Are application programming interfaces (APIs) subject to copyright protection? The question is at the center of the Oracle v. Google intellectual property infringement case, but last week’s jury decision did not provide an answer.
That’s because the jury was told to avoid the issue altogether. From law firm Patton Boggs:
“The jury, upon an instruction from the Judge to assume the software was copyrighted, found that Android’s overall structure, sequence and organization infringed upon Oracle copyrights.” (California Jury Finds the Google Mobile Software Infringes Oracle Copyrights, but Fails to Decide if Google’s Use is Protected Under the “Fair Use” Doctrine)
According to Pamela Jones, IP law reporter and founder of Groklaw, presiding Judge William Alsup gave that instruction because he is the only one who can determine the whether the APIs are copyrightable:
“’The jury didn’t decide API are copyrightable. They can’t. That’s a question of law, and the judge is the one that has to decide that issue.’ Jones stated that Alsup ‘decided that he’d let the jury decide the fair use issue first, and then if they found fair use, he wouldn’t have to reach that decision. But if they found infringement and no fair use, then he would decide if APIs are copyrightable and more specifically if their arrangement is protectible.’” (Copyrights, APIs, and Oracle vs Google on ZD Net)
As it turns out, the jury took yet another path: they found that Google did infringe upon Oracle’s IP, but were not able to reach a verdict on fair use. From Field Law:
“The failure to decide on the ‘fair use’ defence … leaves the issue open. The jury was deadlocked on that question, potentially leading to a mistrial. Indeed, Google filed for a new trial last week.” (Copyright Protection for APIs)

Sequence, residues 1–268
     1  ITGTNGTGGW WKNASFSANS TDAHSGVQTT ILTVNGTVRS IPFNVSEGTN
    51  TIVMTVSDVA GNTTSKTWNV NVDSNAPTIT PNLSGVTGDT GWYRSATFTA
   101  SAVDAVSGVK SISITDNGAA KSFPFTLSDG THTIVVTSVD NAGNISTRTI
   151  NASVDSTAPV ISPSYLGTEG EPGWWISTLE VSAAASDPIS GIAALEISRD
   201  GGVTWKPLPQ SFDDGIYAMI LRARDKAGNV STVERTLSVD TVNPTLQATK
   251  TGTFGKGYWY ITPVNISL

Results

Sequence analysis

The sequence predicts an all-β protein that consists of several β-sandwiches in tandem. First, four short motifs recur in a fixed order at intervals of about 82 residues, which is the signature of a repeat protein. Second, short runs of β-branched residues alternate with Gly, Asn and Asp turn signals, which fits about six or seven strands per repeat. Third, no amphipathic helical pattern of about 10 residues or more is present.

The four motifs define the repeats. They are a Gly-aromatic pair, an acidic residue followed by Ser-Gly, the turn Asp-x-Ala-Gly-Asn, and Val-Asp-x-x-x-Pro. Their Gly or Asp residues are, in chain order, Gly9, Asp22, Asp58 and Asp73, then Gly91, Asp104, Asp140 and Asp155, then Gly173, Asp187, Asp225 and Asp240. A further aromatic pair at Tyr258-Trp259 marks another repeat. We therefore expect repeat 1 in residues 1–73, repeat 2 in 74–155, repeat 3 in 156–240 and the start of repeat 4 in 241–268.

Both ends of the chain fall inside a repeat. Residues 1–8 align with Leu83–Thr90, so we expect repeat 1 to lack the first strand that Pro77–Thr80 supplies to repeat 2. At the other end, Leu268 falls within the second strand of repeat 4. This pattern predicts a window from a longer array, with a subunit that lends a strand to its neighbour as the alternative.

That result might not spell the end for hopes of a definitive answer regarding copyright protection for APIs, however. On the contrary: recent developments in the trial indicate that Judge Alsup could be preparing to rule on the issue. Again, Patton Boggs:
“Judge Alsup has requested both sides comment on the May 2, 2012 European Court of Justice opinion, where the European Union held that the functionality of a computer program and the programming language is not copyright protected. The European Union ruled that the software functionality, programming language and data file format is not a ‘form of expression’ sufficient to enjoy copyright protection.”
Whether the judge’s interest in the EU ruling is any indication of his position on copyrighting APIs remains to be seen. For the time being, the jury is still out.
Read the updates:
• Copyright Protection for APIs (Field Law)
• European Union Court Rules that Software Functions Cannot Be Copyrighted (Patton Boggs LLP)
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